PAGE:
The other part of the rule is utterly incorrect. There is nothing wrong with using “which” to introduce a restrictive relative clause, as in “The pair of shoes which cost £5,000 was hideous.” Indeed, with some restrictive relatives, “which” is the only option, such as “That which doesn’t kill you makes you stronger” and “The book in which I scribbled my notes is worthless.”
So what’s a writer to do? The real decision is not whether to use “that” or “which” but whether to use a restrictive or a nonrestrictive relative clause. Having done so, you don’t have to worry about whether to use “that” or “which”, because if you’re tempted to use “that” it means that your ear for the English language is so mistuned that the choice of “that” and “which” is the least of your worries.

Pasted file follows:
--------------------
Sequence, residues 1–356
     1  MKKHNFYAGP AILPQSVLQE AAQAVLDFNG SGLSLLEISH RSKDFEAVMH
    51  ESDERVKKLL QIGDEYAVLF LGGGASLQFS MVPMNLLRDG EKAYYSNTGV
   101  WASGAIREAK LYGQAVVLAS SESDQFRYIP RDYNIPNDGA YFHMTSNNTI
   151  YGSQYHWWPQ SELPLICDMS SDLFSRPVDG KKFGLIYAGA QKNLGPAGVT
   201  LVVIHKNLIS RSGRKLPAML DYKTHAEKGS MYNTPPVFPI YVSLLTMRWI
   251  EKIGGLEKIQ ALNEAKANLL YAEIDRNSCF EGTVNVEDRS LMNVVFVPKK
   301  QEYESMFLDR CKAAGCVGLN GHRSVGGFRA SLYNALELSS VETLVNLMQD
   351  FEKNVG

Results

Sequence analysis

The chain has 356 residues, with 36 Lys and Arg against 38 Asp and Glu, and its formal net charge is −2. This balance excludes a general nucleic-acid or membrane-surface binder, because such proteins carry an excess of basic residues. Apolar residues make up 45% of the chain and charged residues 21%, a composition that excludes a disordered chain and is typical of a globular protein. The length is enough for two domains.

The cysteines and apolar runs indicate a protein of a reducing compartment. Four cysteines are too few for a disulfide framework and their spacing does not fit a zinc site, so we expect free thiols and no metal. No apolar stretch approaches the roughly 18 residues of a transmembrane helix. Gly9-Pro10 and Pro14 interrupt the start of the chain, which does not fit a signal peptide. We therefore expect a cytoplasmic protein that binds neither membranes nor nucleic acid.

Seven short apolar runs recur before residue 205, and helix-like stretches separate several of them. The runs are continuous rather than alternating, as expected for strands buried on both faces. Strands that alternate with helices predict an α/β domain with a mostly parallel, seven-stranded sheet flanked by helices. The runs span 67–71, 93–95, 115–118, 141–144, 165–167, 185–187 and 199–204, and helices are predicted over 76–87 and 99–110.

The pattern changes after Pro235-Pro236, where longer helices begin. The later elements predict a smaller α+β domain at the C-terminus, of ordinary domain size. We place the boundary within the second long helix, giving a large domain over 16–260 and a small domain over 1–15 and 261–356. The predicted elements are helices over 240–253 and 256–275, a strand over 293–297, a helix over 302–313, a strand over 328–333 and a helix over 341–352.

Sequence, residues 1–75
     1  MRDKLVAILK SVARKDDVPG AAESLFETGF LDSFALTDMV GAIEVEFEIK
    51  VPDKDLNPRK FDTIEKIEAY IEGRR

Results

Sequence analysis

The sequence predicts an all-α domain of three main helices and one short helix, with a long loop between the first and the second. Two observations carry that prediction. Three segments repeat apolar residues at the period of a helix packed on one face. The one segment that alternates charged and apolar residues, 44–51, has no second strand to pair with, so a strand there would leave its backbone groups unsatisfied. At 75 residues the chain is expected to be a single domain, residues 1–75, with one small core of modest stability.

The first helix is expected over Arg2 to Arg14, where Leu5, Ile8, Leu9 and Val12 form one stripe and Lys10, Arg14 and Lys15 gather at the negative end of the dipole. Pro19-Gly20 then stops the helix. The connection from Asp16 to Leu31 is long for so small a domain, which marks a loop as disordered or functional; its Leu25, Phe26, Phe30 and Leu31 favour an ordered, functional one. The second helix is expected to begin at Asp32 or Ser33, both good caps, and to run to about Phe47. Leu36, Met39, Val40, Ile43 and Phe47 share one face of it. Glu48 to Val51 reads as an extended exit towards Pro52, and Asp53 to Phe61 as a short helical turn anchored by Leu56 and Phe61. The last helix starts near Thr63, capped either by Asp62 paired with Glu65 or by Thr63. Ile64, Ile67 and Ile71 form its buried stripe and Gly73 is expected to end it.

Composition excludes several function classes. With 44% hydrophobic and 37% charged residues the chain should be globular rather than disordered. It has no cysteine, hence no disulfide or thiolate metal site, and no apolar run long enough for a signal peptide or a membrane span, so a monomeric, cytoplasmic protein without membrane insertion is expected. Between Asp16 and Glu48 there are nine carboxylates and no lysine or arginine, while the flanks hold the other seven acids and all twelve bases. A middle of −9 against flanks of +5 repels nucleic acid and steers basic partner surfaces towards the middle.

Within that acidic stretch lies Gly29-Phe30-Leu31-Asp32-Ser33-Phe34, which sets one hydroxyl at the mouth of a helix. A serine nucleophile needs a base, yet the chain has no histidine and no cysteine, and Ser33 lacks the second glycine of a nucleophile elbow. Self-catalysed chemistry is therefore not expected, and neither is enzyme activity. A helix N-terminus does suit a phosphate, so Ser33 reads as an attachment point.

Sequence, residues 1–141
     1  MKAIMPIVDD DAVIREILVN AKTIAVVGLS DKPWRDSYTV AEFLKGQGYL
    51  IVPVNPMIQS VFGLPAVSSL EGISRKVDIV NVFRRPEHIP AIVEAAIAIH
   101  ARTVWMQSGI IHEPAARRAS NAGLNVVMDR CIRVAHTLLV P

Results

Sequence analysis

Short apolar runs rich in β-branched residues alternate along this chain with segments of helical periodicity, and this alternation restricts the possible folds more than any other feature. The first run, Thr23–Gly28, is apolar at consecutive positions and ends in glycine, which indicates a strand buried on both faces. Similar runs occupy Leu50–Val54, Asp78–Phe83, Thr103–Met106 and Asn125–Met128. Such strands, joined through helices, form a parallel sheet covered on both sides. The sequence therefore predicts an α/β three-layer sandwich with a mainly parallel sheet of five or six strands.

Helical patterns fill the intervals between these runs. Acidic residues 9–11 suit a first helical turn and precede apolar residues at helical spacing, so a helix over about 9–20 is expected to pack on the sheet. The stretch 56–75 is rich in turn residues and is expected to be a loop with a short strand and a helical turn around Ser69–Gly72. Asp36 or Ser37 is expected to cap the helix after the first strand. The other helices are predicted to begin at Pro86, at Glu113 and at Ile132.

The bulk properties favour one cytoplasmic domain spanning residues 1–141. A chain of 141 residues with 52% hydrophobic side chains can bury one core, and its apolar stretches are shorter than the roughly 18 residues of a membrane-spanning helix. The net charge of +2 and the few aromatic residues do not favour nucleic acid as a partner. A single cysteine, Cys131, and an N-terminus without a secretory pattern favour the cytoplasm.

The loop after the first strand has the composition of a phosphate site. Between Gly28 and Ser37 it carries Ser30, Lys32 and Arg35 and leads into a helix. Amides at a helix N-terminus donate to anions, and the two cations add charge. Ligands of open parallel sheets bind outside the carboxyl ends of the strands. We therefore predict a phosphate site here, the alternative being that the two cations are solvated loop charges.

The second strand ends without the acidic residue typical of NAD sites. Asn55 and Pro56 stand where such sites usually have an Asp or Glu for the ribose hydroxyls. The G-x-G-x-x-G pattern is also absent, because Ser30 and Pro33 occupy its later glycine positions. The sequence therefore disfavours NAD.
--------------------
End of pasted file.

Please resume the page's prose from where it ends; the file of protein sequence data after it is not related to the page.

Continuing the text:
As for the choice you now face between “which” and “that”: if you hate making decisions, you won’t go wrong if you use “that”.
Only the stuﬃest prig would say, “It’s not what you know; it’s whom you know”.
The declining fortunes of “whom” may represent not a grammatical change in English but a cultural change in Anglophones, namely the informalisation of writing, which makes it increasingly resemble speech. Though “whom” is pompous in short questions and relative clauses, it is a natural choice in certain other circumstances, even in informal speech and writing. We still use “whom” in double questions like “Who’s dating whom?”, and in ﬁxed expressions like “To whom it may concern” and “With whom do you wish to speak?”.
The best advice to writers is to calibrate their use of “whom” to the complexity of the construction and the degree of formality they desire.